Napoleon Hill readers: Read This and Comment

For a long time I have recommended Napoleon Hill and his books as one of my major reasons for aspiring to success (even recommending it again today.) However, researching into a book called The Master Key System (Charles F Haanel), I have found an alignment to the 'new thought movement', which is also another form of New Age and Christian Science's foundational philosophy. This book was a major influence on both Bill Gates (allegedly) and Napoleon Hill, and was outlawed by the Catholic Church in the early 20th Century, only to be revived recently. Napoleon Hill acknowledges the influence of this book to the author in the following letter:

April 21, 1919.
Mr. Charles F. Haanel,
St. Louis, Mo.
My Dear Mr. Haanel,
You probably know, from the editorial in the January issue of the Golden Rule, copy of which my Secretary sent to you, that I began twenty-two years ago as a coal miner at a dollar a day.
I have just been retained by a ten million dollar corporation at a salary of $105,200.00 a year, for a portion of my time only, it having been agreed that I shall continue as editor of the Hill's Golden Rule.
I believe in giving credit where it is due, therefore I believe I ought to inform you that my present success and the success which has followed my work as President of the Napoleon Hill Institute is due largely to the principles laid down in The Master-Key System.
You are doing a good work by helping people to realize that nothing is impossible of accomplishment which a man can create in his imagination. Surely my own experience proves this.
I shall cooperate with you in getting your course into the hands of the many who so greatly need your message.
Cordially and sincerely,
Napoleon Hill,
Editor The Golden Rule
Chicago, Illinois



Here is an article I have found on Napoleon Hill by a guy named Dave Hunt. Have a read and leave your thoughts in the comments. (Found at: http://ankerberg.com/Articles/_PDFArchives/new-age/NA3W0102.pdf )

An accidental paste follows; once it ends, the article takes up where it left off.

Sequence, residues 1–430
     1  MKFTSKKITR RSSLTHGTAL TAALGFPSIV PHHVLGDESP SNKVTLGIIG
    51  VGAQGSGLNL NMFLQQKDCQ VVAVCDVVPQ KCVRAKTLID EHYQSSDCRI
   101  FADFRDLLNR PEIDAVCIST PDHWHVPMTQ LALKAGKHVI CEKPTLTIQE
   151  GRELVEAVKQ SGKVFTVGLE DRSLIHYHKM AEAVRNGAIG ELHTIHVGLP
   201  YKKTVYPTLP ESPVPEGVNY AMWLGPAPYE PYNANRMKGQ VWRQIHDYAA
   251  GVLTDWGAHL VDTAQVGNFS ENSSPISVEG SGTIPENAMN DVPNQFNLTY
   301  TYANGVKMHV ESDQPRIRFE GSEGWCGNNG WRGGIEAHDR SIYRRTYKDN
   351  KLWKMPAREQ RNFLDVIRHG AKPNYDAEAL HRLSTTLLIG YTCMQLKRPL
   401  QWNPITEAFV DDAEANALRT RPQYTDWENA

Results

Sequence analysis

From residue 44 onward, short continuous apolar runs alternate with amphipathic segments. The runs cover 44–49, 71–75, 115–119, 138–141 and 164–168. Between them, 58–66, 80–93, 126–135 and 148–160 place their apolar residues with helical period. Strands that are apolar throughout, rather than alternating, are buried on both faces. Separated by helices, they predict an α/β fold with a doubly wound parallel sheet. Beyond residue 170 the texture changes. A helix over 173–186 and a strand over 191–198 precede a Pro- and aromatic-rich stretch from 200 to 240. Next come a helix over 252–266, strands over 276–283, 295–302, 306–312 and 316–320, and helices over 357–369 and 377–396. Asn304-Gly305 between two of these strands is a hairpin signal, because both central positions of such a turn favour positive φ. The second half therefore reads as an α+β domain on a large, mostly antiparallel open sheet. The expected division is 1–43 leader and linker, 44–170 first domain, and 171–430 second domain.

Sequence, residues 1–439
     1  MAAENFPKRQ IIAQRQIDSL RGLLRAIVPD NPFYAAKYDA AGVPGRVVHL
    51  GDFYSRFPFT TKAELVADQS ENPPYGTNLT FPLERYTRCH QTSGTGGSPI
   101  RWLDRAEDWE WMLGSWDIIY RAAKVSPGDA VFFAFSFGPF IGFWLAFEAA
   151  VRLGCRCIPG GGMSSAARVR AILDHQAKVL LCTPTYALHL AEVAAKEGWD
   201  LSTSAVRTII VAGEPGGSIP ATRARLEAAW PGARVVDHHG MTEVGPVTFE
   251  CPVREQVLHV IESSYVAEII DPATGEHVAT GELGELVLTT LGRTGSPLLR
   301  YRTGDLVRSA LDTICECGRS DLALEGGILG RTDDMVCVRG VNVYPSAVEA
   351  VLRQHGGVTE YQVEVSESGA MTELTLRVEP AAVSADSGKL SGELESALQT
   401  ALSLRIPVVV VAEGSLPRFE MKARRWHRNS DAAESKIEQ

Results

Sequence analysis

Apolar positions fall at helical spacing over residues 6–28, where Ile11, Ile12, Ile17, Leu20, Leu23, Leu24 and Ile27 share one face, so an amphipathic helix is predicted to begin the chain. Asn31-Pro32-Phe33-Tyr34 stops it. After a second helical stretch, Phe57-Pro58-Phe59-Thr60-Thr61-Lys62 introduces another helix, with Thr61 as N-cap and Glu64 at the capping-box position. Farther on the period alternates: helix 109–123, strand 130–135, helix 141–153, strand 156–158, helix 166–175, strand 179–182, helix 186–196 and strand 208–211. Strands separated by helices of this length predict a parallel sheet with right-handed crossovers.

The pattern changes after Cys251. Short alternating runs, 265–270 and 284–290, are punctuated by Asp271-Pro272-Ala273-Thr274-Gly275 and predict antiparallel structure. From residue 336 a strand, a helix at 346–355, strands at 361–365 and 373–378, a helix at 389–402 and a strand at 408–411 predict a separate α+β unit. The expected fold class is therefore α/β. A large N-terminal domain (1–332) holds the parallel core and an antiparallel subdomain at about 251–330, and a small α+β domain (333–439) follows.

The Classic Case of Napoleon Hill
By Dave Hunt
(from Occult Invasion, Harvest House, 1996)

We have briefly mentioned Napoleon Hill in previous articles. He was not seeking contact
with spirit beings when he was suddenly confronted in his study by an unexpected and
uninvited intruder. Hill claims that an emissary came across the astral plane. In a voice that
“sounded like chimes of great music,” this visitor from another dimension declared: “I come
from the Great School of Masters. I am one of the Council of Thirty-Three who serve the
Great School and its initiates on the physical plane.”

Hill was informed that he had been “under the guidance of the Great School” for years
and had been chosen by them to give the formula of success, the “Supreme Secret,” to the
world: that “anything the human mind can believe, the human mind can achieve.” 1 Here
again is the same lie that turns one from God to the alleged power of the human mind.
Norman Vincent Peale and Robert Schuller try to link this occult power with prayer and
faith. Hill was not praying, but was introduced to a mysterious source of “guidance” claiming